Reno Estate Planning Lawyer Explains the Benefits of a Spendthrift Trust

February 22, 2017

estate planning lawyerTrusts are an important type of agreement, characterized by trust and confidence. The agreement is made between a trustee and the person who created the trust, known as the grantor.  The trust agreement provides the trustee all of the authority needed to administer the trust assets and distribute the trust's income and principal to the beneficiaries named in the document. All distributions need to be made according to the provisions of the trust. A spendthrift trust is a specific type of trust with very useful benefits.

Common benefits of trusts in general

A trust, much like a last will and testament, can give you an opportunity to indicate now how you want your property to be distributed after your death. Conversely, unlike a last will and testament, a trust can provide additional protection for your assets in situations where one of your beneficiaries may need extra help in managing those assets. It is in a situation like that where a spendthrift trust can be very beneficial.

How is a spendthrift trust special?

A spendthrift trust is a special kind of trust because it affords control over the trust property through limitations on the beneficiary’s ability to access those assets. These restrictions are usually required when there are beneficiaries who could potentially squander those assets. Spendthrift trusts also protect trust assets from creditors that have claims against a beneficiary.

How does a spendthrift trust work?

When an estate planning lawyer drafts a spendthrift trust it will include restrictions on the beneficiary’s access to the trust principal. That essentially means that the beneficiary is not given access to the trust principal.  The beneficiary of a spendthrift trust cannot assign his or her beneficial interest in the trust to a third party either.  In addition, the beneficiary cannot pledge his or her interest as collateral for a loan.  Because of these restrictions on the beneficiary's ability to use and access his or her interest in the trust, the beneficiary's creditor's are unable to attach the beneficiary's interest in the trust.

Only the trustee can access the trust property

As any estate planning lawyer can tell you, only the appointed trustee will have direct access to the trust assets, which means the benefits of the trust can only be received through the trustee. This can be achieved through regular payments from the trust or through goods or services purchased by the trustee on behalf of the beneficiary.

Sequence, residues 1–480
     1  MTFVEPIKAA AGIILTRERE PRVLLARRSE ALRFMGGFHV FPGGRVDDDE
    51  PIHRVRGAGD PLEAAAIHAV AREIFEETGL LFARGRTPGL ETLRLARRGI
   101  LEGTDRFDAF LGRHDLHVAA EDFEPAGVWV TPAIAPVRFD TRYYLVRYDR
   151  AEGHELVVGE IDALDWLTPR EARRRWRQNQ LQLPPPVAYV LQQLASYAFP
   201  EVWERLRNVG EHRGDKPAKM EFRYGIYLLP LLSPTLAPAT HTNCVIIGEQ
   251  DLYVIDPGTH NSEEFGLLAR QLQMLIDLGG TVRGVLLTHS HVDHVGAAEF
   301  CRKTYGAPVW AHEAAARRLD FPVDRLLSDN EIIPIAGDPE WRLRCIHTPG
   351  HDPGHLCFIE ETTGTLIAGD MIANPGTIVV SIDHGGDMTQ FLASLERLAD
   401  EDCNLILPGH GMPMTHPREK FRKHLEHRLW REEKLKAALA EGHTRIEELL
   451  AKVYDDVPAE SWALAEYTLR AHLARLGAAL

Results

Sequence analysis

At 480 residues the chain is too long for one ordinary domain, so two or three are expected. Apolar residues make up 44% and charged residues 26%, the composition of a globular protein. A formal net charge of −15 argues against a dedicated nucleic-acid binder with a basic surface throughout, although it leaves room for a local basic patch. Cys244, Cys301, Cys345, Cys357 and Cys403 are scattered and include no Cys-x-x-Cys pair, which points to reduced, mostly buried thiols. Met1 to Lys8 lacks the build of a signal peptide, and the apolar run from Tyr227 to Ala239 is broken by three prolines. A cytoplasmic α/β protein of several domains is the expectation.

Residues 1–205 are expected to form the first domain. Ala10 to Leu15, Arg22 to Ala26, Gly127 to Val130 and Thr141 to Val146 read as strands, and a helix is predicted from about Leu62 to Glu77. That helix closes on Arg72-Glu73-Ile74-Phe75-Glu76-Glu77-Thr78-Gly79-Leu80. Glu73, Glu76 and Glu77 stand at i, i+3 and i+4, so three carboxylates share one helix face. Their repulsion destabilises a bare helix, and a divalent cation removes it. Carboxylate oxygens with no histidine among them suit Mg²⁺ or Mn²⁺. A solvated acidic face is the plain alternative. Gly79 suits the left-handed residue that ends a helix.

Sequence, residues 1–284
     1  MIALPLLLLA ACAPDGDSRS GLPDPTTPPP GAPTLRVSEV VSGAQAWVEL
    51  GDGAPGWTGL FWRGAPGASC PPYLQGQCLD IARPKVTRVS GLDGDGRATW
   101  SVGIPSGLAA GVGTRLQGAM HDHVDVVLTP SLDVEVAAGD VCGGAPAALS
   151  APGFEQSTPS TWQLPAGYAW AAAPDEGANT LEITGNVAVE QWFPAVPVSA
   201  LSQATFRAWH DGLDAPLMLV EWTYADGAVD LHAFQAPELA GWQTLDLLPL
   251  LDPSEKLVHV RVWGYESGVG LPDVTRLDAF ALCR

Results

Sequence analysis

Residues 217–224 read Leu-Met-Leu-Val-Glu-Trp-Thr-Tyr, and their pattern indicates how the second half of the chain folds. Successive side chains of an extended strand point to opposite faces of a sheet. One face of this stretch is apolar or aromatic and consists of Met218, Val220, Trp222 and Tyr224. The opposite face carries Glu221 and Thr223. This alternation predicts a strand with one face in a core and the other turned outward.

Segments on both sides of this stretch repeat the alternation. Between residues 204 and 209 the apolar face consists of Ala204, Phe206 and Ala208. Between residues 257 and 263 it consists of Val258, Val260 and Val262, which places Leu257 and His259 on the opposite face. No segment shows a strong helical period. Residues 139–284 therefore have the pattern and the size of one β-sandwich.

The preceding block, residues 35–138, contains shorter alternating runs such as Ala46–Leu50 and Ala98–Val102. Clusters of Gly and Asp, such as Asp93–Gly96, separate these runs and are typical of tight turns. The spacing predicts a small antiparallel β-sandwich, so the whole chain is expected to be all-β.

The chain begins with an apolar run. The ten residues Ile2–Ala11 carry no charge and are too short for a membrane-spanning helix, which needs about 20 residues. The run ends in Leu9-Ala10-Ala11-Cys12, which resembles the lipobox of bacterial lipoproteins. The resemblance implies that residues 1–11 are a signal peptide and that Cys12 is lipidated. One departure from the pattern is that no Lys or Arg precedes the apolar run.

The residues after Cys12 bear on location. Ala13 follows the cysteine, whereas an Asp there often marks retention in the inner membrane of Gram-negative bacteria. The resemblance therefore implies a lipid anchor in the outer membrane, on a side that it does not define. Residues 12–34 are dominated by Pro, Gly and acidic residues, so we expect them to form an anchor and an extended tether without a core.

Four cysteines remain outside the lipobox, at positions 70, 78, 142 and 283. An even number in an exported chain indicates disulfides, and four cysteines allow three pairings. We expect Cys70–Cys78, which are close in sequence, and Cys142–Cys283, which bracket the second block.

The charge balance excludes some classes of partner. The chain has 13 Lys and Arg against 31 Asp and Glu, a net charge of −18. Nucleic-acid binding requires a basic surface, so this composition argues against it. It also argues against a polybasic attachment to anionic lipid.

Why do most people prefer spendthrift trusts

A spendthrift trust is most often considered when the grantor wants to leave cash or other property to a beneficiary who is not particularly good with money or is inclined to to becoming indebted to multiple creditors. Beneficiaries who are known substance abusers are generally also more susceptible to squandering an inheritance in order to satisfy their addictions.  Another example would be a beneficiary who is easily defrauded or deceived.

Things to consider in creating a spendthrift trust

An experienced estate planning lawyer can be very helpful in creating specific types of trusts, such as spendthrift trusts, because he or she knows precisely which terms must be included to make those trusts work the way they should. Your estate planning lawyer will first question you to determine what you need to accomplish, then your lawyer can help you determine whether a spendthrift trust is what you actually need.

Be sure to consider how the trust should end

Deciding to create a spendthrift trust is not the only decision you need to make. You must also determine how, and under what circumstances, the trust should end. For instance, what do you want to happen if your beneficiary’s circumstances change and he or she becomes entirely capable of managing the property on their own?  If the beneficiary passes away, there should be provisions about how that affects the terms of the trust, as well.

Let your estate planning lawyer help you fund your spendthrift trust

After you create the trust agreement, the next step that must be taken is to actually fund the trust. Funding a trust is simply a matter of transferring ownership of the trust property into the name of the trust.  What that means is, you can move cash in a bank account to a new account in the name of the trust or you can name the trust as a beneficiary of life insurance policies and annuities.
Attend a FREE Webinar today!  If you have questions regarding spendthrift trusts, or any other estate planning issues, please contact Anderson, Dorn & Rader, Ltd. for a consultation, either online or by calling us at (775) 823-9455.

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